After the "health education," the chaos ensued. Dana, my classmate, and I were paired off with the clinical officer (like a PA) named Ephraim. We went into the hospital building and there was a table and a bench for the patients. 

A mother came in with her child who had a fever, diarrhea, and was malnourished.  Ephraim was going to send the child for a "BS" (blood smear) for malaria but apparently the lab was locked that day so we wouldn't be doing any blood tests. He seemed to take too long with all the patients without finding out much about them or even doing much of a physical exam. If you only have 3 ways to treat a patient, there can only be 3 problems. Is it malaria, HIV, or pneumonia? If it isn't one of those, then there's no point in finding problems you can't fix. It's reasonable in this setting, but not the way I was trained to think.

In this small room, there were three mothers with babies on their laps. All the children we saw Monday were sad. So weak, so skinny. They looked like stick figures with their big round heads, poky arms and legs and large bellies -- a picture of a person a kindergartener would draw with unrealistic proportions. 

The saddest case was a child who initially I thought was convulsing from cerebral malaria -- malaria gone so far it causes swelling in the brain and neurologic deficits. The child's jaw was open and its head would nod back and forth, and it was having decorticate convulsions with its arms curling up into its chest. The child was very hot to the touch, clearly febrile.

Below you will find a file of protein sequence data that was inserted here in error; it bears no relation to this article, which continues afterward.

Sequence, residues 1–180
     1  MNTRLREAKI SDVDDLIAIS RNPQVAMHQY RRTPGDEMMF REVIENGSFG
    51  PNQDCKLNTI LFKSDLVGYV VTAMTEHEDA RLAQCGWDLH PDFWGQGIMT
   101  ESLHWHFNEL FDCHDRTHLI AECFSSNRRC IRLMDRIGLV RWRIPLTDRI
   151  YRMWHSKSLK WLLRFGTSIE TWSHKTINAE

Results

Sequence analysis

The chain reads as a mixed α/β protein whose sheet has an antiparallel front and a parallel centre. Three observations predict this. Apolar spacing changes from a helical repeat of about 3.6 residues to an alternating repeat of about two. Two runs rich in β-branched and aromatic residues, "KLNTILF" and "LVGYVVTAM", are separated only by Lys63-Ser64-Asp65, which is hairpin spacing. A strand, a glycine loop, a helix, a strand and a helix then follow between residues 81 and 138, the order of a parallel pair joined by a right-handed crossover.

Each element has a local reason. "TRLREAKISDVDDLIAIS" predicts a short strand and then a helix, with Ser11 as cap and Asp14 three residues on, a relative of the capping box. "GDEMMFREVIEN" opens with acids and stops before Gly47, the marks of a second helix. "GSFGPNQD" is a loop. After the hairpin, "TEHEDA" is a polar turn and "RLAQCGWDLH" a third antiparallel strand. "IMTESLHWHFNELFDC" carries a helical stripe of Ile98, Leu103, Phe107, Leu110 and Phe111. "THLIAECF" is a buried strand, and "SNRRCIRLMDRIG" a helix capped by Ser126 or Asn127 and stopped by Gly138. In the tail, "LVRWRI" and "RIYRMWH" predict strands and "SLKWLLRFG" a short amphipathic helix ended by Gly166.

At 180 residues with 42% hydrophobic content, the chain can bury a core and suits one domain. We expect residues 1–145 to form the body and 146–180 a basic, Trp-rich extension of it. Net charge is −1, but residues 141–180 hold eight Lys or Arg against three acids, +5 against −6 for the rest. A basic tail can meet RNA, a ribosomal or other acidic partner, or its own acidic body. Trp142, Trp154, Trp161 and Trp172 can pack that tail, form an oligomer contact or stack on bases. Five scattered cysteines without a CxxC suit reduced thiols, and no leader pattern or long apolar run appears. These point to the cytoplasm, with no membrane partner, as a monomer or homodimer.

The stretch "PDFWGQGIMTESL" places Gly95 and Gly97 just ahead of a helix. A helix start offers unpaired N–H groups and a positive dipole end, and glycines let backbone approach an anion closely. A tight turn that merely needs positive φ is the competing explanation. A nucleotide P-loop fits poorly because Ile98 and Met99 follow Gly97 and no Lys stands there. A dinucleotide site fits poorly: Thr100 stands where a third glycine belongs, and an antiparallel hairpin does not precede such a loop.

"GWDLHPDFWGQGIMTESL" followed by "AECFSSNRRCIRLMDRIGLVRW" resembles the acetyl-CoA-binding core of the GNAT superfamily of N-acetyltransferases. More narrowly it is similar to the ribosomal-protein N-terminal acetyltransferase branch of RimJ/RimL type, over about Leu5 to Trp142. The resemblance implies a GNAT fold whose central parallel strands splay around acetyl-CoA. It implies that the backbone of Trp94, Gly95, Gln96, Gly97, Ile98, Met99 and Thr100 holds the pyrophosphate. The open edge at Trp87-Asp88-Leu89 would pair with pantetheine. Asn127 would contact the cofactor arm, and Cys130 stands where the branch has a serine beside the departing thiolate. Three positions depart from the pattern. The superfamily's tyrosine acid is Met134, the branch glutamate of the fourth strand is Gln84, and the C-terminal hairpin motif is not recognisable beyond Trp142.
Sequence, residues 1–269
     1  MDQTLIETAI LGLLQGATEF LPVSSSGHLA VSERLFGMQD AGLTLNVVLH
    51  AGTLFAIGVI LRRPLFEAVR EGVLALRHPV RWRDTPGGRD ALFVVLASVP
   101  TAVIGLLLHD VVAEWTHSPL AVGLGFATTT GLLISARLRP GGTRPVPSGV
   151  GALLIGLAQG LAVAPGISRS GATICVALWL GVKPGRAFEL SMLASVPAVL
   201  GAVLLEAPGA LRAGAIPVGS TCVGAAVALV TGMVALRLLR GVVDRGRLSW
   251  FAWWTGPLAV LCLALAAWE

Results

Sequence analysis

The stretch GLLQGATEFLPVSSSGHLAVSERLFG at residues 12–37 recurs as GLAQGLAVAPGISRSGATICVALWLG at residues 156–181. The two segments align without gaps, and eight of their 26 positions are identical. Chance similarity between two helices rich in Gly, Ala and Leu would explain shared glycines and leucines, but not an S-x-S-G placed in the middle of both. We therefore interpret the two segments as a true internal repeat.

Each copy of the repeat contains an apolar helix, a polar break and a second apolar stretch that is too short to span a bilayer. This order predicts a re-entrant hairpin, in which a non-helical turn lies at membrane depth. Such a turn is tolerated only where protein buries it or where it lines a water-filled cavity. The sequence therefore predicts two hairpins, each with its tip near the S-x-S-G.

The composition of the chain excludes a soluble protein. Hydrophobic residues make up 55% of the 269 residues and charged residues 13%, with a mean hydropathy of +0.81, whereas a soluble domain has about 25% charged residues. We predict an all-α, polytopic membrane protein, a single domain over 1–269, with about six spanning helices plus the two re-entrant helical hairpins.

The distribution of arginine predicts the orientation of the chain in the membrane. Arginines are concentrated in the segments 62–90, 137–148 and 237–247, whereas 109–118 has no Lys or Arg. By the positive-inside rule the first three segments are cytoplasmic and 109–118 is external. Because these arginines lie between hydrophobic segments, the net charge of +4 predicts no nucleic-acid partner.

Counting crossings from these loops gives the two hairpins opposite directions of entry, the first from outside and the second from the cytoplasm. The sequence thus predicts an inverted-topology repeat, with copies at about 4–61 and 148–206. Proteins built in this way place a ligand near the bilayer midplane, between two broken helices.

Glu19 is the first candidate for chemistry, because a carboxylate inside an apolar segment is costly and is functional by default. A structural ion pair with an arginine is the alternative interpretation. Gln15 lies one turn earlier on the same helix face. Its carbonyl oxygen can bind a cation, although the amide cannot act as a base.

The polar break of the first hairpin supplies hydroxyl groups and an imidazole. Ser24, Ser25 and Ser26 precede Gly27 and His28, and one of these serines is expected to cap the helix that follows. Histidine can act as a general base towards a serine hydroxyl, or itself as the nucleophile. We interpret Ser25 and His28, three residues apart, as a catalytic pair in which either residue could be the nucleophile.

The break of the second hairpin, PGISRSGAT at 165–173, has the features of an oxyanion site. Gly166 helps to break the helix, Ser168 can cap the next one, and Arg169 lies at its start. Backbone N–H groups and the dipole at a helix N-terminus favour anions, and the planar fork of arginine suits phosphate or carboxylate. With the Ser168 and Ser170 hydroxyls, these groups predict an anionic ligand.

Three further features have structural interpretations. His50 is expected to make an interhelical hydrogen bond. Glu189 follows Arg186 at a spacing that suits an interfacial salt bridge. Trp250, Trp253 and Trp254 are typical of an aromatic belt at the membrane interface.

Lindsey, a Kissito worker, kept asking Ephraim why he wasn't attending to this child. Ephraim then explained the child had cerebral palsy since the age of 3 months and was now 2 and a half. He would refer her to Mbale (the hospital from my last post). It's scary seeing a kid that skinny and convulsing and no one seems to mind. I wonder who gave the diagnosis of CP. Perhaps the 3-month-old little girls did have malaria then and had deficits that never remised. There's no way to know. 

I wrote the history of present illness in her "chart" (a flimsy notebook the mother carries around) and the physical exam. Ephraim commented, "Wow, wow, this is nice." I would've gotten an F on that note in the U.S. I left out so much. All I could think was, "Any pediatrician would've spent 1 hour assessing this child and it would've had 10 referrals."  

Later in the morning, I saw the mother pouring orange coke into her open mouth. She apparently can't swallow well. I suppose any of us would look completely wasted if our primary nutrition was liquid sugar.